Nowadays, invasive species are among the greatest threats to biodiversity, economy and public health. A better knowledge of the processes involved in biological invasions is therefore important to predict invasion pattern and success, in order to improve alien species management and native species conservation strategies. Since 1948, the Eastern grey squirrel (Sciurus carolinensis), a North-American alien species, has been repeatedly introduced in North-Western Italy (Piedmont, Liguria and Lombardy), causing local extinction of the native Eurasian red squirrel (Sciurus vulgaris) through exploitation competition for food. In Great Britain, where grey squirrels have been introduced since 1800, this replacement process is accelerated by the presence of Squirrelpox Virus (SQPV), which is carried by the invasive species without any pathogenic effect, but is lethal to red squirrels. SQPV is thus example of how parasites and pathogens can play an important role in biological invasions via two different processes. First, during the invasion process alien species often lose part of their parasite community (“parasite release”), with a positive impact on their population growth and consequently on their settlement and spread. Second, parasites may mediate the impact of invasive species on native taxa (“parasite-mediated competition”), acting as reservoir for local parasites or introducing in the environment novel parasites to which native species are not adapted . Our purpose is to explore gastro-intestinal helminths communities of grey and red squirrels in Italy in order to investigate the role of parasites in the settlement of the alien species and in its interaction with native red squirrel. We will test two independent hypotheses: the “parasite release” hypothesis by comparing helminths community of grey squirrel in Italy and in its native range and the “parasite-mediated competition” hypothesis by comparing helminths communities of different red squirrel populations, with and without contact with the invasive species. So far, we have sampled 6 populations (3 grey-only, 2 red-only and 1 red-grey area) in Piedmont and Lombardy by capturing both species with standard live-trapping techniques. Grey squirrels were euthanized immediately after capture, while red squirrels were marked and released after samples collection. All grey squirrels were then dissected, their gut extracted and washed to collect gastro-intestinal content. The samples obtained were examined using a stereo microscope to collect and classify helminths. For red squirrels, we performed coprological analysis (fecal egg count method) and tape tests to obtain indirect information on their gastro-intestinal parasites. Moreover, given the general lack of knowledge on helminths community of this species, to provide a check-list of red squirrel parasites we dissected roadkills collected from different sites in Northern Italy. We dissected 110 grey squirrels in which we identified four different species of gastro-intestinal nematodes: Strongyloides robustus (prevalence: 89%; intensity [mean ± SD]: 19.3 ± 24.2 parasites/host), Trichostrongylus calcaratus (prevalence: 17%; intensity: 2.1 ± 1.2), Trichuris muris (prevalence: 11%; intensity: 1.1 ± 0.3) and Aonchotheca annulosa (prevalence: 3%; intensity: 2.7 ± 1.2). The observed species richness is lower compared to the average richness reported for grey squirrel in their native range. S. robustus is a parasite common and abundant in North-American squirrels, but never recorded in Europe until now, thus likely brought here by grey squirrels during the invasion process. On the other hand T. calcaratus, T. muris and A. annulosa should be considered as non-specific or accidental species, the first two being typical of other hosts (cottontail rabbit, Sylvilagus floridanus, and wild mice, Apodemus spp., respectively) and the latter being a generalist species, common in a wide variety of small rodents. On the 20 red squirrel roadkills dissected until now we found only one nematode, Rodentoxyuris sciuri (prevalence: 95%; intensity [mean ± SD] 720.3 ± 1478.6 parasites/host), typical of this species and already recorded in red squirrels in Europe. Coprological analysis and tape tests on animals captured in red-only areas confirm this result, since we only found eggs referable to this species. On the other hand, in the red-grey area, coprological analysis on red squirrels faeces have shown the presence of eggs of the genus Strongyloides, identical in shape and size to those of S. robustus found in greys. Since no species of this genus have ever been reported in Eurasian red squirrel and since this parasite has free living larvae that infect the host through the skin (facilitating inter-specific transmission through habitat or nest sharing), this can be a case of parasite transmission from the grey squirrel to the native species. In conclusion, our results lend support to the parasite-release hypothesis, as grey squirrels in Italy miss several helminths species usually present in North-America,. such as Heligmodendrium hassalli, a nematode commonly reported in grey squirrel native range with prevalences up to 80%. Moreover, the lack of these parasites is suggested by the presence of some accidental species, probably exploiting vacant niches. Concerning parasite-mediated competition, all evidence suggests that S. robustus can be transmitted to the red squirrel, but to confirm this result further investigation on the presence of this nematode and on its pathogenic effect on red squirrels is needed.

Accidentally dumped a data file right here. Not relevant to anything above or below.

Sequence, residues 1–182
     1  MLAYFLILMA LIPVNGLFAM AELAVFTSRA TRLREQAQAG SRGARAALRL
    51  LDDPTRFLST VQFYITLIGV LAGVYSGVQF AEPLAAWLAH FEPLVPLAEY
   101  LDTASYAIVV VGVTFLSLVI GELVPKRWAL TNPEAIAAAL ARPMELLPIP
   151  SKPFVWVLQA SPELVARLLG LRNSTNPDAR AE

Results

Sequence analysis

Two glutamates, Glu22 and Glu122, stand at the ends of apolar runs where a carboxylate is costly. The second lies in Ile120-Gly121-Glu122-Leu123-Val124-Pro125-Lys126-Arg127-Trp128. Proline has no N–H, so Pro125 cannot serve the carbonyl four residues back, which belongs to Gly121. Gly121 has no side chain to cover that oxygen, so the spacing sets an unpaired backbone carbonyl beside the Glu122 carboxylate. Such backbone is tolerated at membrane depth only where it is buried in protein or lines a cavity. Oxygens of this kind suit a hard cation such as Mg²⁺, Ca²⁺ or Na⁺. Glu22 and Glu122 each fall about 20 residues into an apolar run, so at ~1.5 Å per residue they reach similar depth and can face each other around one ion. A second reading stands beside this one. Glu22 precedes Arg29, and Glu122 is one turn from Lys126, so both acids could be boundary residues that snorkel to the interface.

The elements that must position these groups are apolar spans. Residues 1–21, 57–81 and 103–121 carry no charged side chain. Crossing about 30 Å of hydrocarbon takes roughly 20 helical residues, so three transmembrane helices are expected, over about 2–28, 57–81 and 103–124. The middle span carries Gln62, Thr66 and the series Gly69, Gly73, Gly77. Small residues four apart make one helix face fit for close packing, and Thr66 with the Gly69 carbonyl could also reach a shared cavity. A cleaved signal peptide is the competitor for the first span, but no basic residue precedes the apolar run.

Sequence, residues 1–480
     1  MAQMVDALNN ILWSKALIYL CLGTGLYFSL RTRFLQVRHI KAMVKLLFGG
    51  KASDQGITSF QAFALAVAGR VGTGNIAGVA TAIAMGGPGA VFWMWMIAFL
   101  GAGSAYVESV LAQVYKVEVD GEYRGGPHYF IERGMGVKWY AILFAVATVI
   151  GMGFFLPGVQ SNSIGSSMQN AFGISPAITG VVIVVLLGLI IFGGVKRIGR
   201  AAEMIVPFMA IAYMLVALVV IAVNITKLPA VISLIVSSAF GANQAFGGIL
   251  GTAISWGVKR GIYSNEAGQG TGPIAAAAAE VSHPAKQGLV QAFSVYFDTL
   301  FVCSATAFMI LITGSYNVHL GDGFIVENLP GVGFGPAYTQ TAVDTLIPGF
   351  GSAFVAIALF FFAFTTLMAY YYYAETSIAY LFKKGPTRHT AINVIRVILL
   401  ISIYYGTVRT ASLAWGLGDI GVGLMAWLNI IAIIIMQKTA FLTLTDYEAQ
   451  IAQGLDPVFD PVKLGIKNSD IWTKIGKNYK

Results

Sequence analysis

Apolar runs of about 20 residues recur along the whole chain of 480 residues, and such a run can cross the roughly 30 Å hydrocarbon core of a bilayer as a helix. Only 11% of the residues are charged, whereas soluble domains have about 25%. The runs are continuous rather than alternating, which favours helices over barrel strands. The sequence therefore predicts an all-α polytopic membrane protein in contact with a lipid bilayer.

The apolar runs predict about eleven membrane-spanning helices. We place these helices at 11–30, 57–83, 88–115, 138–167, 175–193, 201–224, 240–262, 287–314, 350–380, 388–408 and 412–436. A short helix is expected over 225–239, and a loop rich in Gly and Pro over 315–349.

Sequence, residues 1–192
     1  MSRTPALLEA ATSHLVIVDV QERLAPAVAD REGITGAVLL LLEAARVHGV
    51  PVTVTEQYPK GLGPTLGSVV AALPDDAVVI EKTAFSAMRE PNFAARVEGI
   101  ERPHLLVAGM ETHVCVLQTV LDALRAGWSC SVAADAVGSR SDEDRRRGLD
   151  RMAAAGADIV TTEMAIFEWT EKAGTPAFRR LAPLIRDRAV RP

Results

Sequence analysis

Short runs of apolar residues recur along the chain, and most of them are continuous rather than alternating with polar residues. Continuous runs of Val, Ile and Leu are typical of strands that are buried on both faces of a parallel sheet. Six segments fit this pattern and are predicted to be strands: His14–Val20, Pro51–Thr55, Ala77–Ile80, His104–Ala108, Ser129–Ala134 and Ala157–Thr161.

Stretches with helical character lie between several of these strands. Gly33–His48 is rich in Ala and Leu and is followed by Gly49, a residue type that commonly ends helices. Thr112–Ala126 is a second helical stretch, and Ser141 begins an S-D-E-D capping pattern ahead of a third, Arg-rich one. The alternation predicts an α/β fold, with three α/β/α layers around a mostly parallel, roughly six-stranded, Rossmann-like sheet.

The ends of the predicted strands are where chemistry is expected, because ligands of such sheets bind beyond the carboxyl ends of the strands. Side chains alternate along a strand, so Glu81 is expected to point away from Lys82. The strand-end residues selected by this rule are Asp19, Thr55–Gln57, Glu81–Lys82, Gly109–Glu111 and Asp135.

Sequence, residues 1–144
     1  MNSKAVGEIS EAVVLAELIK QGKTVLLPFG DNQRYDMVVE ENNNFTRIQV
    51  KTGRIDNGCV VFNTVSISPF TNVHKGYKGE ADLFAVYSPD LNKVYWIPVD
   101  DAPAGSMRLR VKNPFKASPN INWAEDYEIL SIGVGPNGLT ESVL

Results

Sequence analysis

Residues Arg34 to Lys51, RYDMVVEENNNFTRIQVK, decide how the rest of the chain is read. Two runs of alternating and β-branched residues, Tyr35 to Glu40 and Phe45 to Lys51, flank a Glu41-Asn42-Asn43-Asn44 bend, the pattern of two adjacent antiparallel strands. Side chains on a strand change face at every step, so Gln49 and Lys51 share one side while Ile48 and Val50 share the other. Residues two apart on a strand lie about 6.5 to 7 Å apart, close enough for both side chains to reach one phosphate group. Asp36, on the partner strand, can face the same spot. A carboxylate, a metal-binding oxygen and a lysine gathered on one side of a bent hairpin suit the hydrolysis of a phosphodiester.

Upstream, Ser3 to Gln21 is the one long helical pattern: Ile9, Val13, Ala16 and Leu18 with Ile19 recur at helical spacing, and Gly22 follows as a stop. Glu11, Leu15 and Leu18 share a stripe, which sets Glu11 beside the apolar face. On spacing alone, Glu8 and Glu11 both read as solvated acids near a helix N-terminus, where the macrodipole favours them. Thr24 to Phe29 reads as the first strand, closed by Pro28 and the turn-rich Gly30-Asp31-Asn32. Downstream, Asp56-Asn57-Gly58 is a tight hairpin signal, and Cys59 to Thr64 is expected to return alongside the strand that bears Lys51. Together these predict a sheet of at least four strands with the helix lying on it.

Eastern grey squirrel (Sciurus carolinensis) settlement in Italy and its impact on Eurasian red squirrel (Sciurus vulgaris) : what is the role of parasites? / C. Romeo, N. Ferrari, L.A. Wauters, A. Martinoli, N. Saino. - In: HYSTRIX. - ISSN 0394-1914. - suppl. 2012(2012), pp. 43-43. ((Intervento presentato al 8. convegno Congresso nazionale di teriologia tenutosi a Piacenza nel 2012.
|Titolo:||Eastern grey squirrel (Sciurus carolinensis) settlement in Italy and its impact on Eurasian red squirrel (Sciurus vulgaris) : what is the role of parasites?|
ROMEO, CLAUDIA ROSA (Primo)
FERRARI, NICOLA (Secondo)
SAINO, NICOLA MICHELE FRANCESCO (Ultimo)
|Settore Scientifico Disciplinare:||Settore VET/06 - Parassitologia e Malattie Parassitarie degli Animali|
Settore BIO/07 - Ecologia
|Data di pubblicazione:||2012|
|Appare nelle tipologie:||01 - Articolo su periodico|